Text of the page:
To identify new ERK substrates involved in cell proliferation and survival, we used a solid phase phosphorylation assay (Fukunaga and Hunter, 1997) with active ERK2 to screen a phage expression library prepared from UT7, a cell line of hematopoietic origin, the growth of which is dependent on the presence of various cytokines such as interleukin‐3, erythropoietin (EPO) and thrombopoietin (TPO) (Rouyez et al., 1997). One of the cDNAs isolated encoded IEX‐1, a gene previously characterized as an early response and NF‐κB‐target gene regulated by X‐irradiation, UV radiation and various growth factors, and reported to have contradictory functions in the control of cell survival (Charles et al., 1993; Kumar et al., 1998; Schafer et al., 1998; Wu et al., 1998; Arlt et al., 2001; Schilling et al., 2001). We show here that IEX‐1 is a specific substrate of ERK1/2 and binds to the kinases in their active forms. The association of ERK and IEX‐1 results in trans‐regulation of their activities: IEX‐1 acquires an anti‐apoptotic function in response to various death triggers upon phosphorylation by ERKs, while in turn, IEX‐1 potentiates ERK activation in response to growth factors. The cell survival effect of IEX‐1 is dependent on its phosphorylation state but not its ability to enhance ERK signaling. Conversely, IEX‐1‐induced modulation of ERK activation is independent of IEX‐1 phosphorylation but requires ERK binding. Thus, IEX‐1 is a new type of ERK substrate that has a dual role in the ERK pathway by being both a signaling downstream effector mediating ERK survival activity and also a regulator of ERK activation.


Identification of IEX‐1 as a substrate of ERK MAPK in vitro and in vivo

The cDNA encoding IEX‐1 (Kondratyev et al., 1996) was isolated from the UT7 cell line during a phosphorylation screening with active ERK2 (see Materials and methods). To verify that IEX‐1 was a substrate for ERKs, the IEX‐1 coding region was expressed as a GST fusion protein, purified by glutathione–Sepharose chromatography and incubated with purified active ERK2 in an in vitro kinase assay. As shown in Figure 1A (upper panel), the GST–IEX1 protein was readily phosphorylated by ERK2 in vitro, whereas no radioactivity was incorporated into the GST protein.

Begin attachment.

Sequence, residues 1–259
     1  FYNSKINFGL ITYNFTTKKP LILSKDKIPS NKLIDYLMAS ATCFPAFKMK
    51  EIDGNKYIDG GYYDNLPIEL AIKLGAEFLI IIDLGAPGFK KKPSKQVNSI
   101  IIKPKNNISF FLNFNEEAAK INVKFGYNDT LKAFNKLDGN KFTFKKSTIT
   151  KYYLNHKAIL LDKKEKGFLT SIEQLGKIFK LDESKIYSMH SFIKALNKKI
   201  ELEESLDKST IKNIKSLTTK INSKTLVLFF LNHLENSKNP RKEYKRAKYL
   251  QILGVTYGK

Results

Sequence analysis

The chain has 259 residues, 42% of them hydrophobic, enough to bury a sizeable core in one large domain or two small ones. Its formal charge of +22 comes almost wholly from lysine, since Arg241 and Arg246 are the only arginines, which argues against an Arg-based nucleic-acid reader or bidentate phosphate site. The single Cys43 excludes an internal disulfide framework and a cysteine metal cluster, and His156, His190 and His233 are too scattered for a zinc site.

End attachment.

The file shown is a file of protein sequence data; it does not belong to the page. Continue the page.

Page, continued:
Figure 1.

ERKs phosphorylate IEX‐1 in vitro. (A) One microgram of purified GST or GST–IEX‐1 fusion proteins wild‐type (Wt) and mutants (T18A; T123AS126A; T/SA3; ΔBD) were reacted with purified recombinant active ERK2 in the presence of [32P]ATP. The products were analyzed by autoradiography or western blotting (WB) with the indicated antibodies. (B) Schematic representation of IEX‐1 Wt and ERK‐phosphorylation and/or binding sites mutants. Hatched area indicates the putative IEX‐1 transmembrane domain.

IEX‐1 presents three putative ERK phosphorylation sites at positions T18, T123 and S126 (Kondratyev et al., 1996; Figure 1B). To determine whether ERK phosphorylates IEX‐1 at one or several of these sites, we generated IEX‐1 mutants in which either one, two or all three sites were converted to alanine. Whereas the GST–T123AS126A double mutant was phosphorylated to almost the same extent as the wild‐type protein, the GST–T18A protein was only marginally phosphorylated by active ERK2 (Figure 1A), indicating that T18 of IEX‐1 is the major ERK‐catalyzed phosphorylation site in vitro. Mutation of the three ERK consensus phosphorylation sites (mutant T/SA3) completely abolished ERK phosphorylation (Figure 1A).

To confirm these results, we raised rabbit antibodies to a phosphopeptide corresponding to T18. In an immunoblot assay, the anti‐phosphoT18 peptide antibody recognized the wild‐type but not the T18A IEX‐1 fusion protein phosphorylated by ERK2 (Figure 1A, bottom panel), whereas the anti‐IEX‐1 antibody recognized both proteins. Thus, the anti‐phosphoT18 antibody specifically recognizes IEX‐1 phosphorylated in vitro by ERK.

This antibody was therefore used to determine whether ERKs could phosphorylate IEX‐1 at T18 in vivo. In the first set of experiments, phosphorylation was assessed in UT7 cells stably expressing an HA epitope‐tagged version of IEX‐1 in which ERK activation was induced by TPO stimulation. As shown in Figure 2A, the anti‐phosphoT18 antibody recognized HA‐IEX‐1 species only in TPO‐stimulated cells. The signal detected disappeared when TPO was added in the presence of the MEK inhibitor PD98059, indicating that the MEK–ERK pathway is responsible for the phosphorylation of IEX‐1 at T18 in vivo upon TPO stimulation.

Figure 2.

Expression, phosphorylation and subcellular localization of IEX‐1 in UT7 cells. (A and B) UT7 cells stably expressing HA‐tagged IEX‐1 (A) or control (B) were deprived of cytokine and stimulated with TPO for various times in the absence or presence of 20 μM PD98059, as indicated. ERK activation and the presence of phosphorylated and non‐phosphorylated forms of IEX‐1 were monitored by immunoblotting of total cell lysates. (C and D) UT7 cells expressing an empty vector (C), or HA‐tagged Wt‐IEX‐1 or T/SA3‐IEX‐1 (D) were stimulated for 3 h with TPO, lysed and subjected to differential centrifugation. Proteins (100 μg) from each cellular fraction were loaded: heavy membrane (HM), light membrane (LM), cytoplasm (C) and nucleus (N). Antibodies specific for cytochrome c (cyt c, mitochondrial marker), caspase‐3 (cytosolic marker) and PARP (nuclear marker) were used to characterize the fractions.